When Grant Simmon isn’t directing events such Lollapalooza, the Hangout Music Festival or President Obama’s inauguration, the 2000 alum is setting the stage for an event that’s a little closer to home and his heart: the NIU Foundation Red and Black.
When scholarship recipient Moonja Jeong, ’12, stepped into the spotlight at the 2012 Red and Black, her goal was to deliver a performance that would show her audience her profound gratitude.
Little did the rising star know: She had Grant Simmon working behind the scenes, making sure the moment was as big as her beautiful voice.
Simmon enjoys making NIU students, faculty and standout philanthropists shine, so much so that he’s volunteered since 2009 as technical producer for the Red and Black, the NIU Foundation’s annual event showcasing the university.
Simmon is a member of the event’s planning committee, which is co-chaired by Jeff (’70) and Kimberly Yordon and Ellen Chessick. Coordinating the event is a big job, requiring dozens of hours of planning, set design, staging, lighting and rehearsals.
The acting graduate says he thrives on the challenge.
Simmon got a chance to thrive last year when it became clear that Jeong’s vocal performance would require a grand piano. “There was no way we could have our star standing in front of a keyboard,” he says.
However, renting a piano would be far more expensive than a keyboard, and there were other logistical concerns. “Even if we could build a stage that would support a grand piano,” he says, “we’d need a forklift to get it up there.”
Yet, by all appearances, Jeong performed next to a full-sized grand piano Feb. 18 – a piano with a little secret inside. Simmon had a façade built to disguise the lighter, more cost-effective keyboard. “I don’t think anyone knew the difference,” he laughs.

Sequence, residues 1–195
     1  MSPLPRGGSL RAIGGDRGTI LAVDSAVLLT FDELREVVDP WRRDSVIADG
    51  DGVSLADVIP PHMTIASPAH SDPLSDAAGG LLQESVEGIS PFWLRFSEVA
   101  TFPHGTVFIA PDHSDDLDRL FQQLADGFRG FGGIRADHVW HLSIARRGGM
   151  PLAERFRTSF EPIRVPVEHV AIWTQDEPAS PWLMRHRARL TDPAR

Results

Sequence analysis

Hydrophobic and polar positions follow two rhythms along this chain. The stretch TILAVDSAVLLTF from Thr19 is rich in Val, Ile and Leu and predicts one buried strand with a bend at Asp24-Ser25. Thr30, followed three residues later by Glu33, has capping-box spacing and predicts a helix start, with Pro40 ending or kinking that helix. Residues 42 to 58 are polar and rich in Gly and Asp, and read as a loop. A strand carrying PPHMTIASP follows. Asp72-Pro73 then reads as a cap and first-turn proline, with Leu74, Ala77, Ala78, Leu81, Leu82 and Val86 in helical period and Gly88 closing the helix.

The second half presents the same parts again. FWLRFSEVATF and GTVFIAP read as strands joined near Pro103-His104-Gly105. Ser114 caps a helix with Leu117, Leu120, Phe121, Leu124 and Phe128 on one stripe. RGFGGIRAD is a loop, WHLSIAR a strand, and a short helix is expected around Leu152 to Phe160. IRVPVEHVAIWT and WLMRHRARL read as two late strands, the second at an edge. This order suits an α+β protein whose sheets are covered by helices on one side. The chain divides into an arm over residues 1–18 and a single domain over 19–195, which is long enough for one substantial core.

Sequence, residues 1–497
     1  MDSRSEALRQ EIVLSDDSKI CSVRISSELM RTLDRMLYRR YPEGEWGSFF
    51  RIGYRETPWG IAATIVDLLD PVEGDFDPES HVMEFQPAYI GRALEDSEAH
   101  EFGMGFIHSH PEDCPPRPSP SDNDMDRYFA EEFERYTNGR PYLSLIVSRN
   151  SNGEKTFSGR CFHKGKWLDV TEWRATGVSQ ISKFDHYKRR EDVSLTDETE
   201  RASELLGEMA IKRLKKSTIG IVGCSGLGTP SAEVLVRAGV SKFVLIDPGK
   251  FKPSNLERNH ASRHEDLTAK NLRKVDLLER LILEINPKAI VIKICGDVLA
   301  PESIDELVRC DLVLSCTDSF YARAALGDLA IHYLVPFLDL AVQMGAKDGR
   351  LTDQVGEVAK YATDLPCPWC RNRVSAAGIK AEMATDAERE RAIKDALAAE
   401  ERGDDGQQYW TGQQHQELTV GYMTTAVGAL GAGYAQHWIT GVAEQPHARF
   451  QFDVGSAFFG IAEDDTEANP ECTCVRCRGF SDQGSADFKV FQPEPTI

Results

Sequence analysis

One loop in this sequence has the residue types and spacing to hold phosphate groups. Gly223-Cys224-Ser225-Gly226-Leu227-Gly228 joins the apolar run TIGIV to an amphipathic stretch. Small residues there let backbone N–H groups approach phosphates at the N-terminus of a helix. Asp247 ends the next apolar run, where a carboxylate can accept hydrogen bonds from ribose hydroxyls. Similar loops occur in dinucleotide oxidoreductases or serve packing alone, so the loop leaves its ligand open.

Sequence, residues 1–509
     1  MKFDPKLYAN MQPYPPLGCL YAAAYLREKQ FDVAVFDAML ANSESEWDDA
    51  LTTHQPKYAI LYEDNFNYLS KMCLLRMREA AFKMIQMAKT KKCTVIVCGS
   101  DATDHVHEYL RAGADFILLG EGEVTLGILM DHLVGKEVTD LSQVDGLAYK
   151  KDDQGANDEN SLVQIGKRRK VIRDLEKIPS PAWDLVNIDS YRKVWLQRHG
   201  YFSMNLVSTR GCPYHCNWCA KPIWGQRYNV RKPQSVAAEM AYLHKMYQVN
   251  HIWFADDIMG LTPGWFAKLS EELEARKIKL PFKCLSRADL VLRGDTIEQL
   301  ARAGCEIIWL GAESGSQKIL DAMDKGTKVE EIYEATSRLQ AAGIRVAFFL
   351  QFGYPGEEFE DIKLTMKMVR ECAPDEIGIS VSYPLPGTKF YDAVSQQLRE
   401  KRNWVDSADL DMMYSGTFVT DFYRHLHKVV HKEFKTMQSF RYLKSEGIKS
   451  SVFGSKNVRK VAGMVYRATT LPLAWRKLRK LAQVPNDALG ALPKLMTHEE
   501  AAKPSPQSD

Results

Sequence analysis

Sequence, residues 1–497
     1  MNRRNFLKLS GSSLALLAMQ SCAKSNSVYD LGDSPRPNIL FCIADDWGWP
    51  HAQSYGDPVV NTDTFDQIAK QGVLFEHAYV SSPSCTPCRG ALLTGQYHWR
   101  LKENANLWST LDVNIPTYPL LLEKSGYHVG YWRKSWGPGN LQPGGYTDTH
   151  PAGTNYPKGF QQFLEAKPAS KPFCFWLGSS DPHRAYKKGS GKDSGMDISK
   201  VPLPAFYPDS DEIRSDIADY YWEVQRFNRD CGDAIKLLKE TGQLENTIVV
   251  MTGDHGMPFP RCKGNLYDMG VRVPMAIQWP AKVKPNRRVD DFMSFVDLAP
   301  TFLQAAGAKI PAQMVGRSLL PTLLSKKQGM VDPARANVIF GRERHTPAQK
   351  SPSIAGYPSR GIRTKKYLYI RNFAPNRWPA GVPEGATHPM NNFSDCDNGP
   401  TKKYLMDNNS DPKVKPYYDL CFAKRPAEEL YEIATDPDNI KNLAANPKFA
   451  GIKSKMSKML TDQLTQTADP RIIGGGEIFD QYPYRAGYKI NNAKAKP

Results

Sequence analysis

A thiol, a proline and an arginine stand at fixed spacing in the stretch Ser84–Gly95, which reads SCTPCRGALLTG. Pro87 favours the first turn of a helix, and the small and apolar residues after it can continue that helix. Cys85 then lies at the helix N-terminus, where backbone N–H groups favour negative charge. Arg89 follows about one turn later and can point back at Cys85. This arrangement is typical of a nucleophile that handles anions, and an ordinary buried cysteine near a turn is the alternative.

Everyone involved agrees having Simmon around not only makes the Red and Black program possible, it makes it less stressful.
“We all feel at ease knowing Grant is running the show – from crew call until the credits roll,” says Mallory M. Simpson, president of the NIU Foundation.
Even as a seasoned pro, Simmon admits to getting a little rattled every once in a while. “There’s nothing fun about the hour before opening night,” he says. “I’m nervous. You’d think I was going out there on stage to sing myself!”
The greatest thrill of the process is the outpouring of emotion that comes from the audience, Simmon says. “It’s magical when they’re wrapped up in a moment we’ve worked so hard to create,” he says. “It’s especially rewarding when that emotion is for my alma mater.”
Although Simmon donates his time, the event still comes with a price tag.
Equipment rentals and staging costs add up, which is why securing sponsorships is a major focus of the committee’s efforts. When it comes to finding supporters, no one holds a candle to committee co-chair Jeff Yordon. Last year, he raised more than half the show’s sponsorships. “There’s no way we could put on a program of this caliber without underwriters,” Simpson says. “The Yordons have given NIU so much, and Jeff isn’t shy about asking others to join him in support of NIU. We are very grateful.”
With every decision he makes, Simmon guards each dollar the committee raises. “I welcome the challenge of accomplishing great feats on a tight budget,” he says.
For now, the acting alumnus is keeping busy with gigs such as the Spring Awakening Festival, Bonnaroo and the Electric Forest Festival. He is also enjoying time with his wife, Nicole, and two daughters, Grace and Nyla.
“Whatever I could give financially to NIU would surely pale in comparison with what I bring to the table with my passion,” he says. “My mom and dad (Jaymie, ’70 and Harry Simmon, ’69) always taught me that you need to provide people an opportunity to give. NIU gave me my opportunity to give, and I hope my work creates opportunities for others to do the same.”
For more information about the NIU Foundation, visit www.niufoundation.org.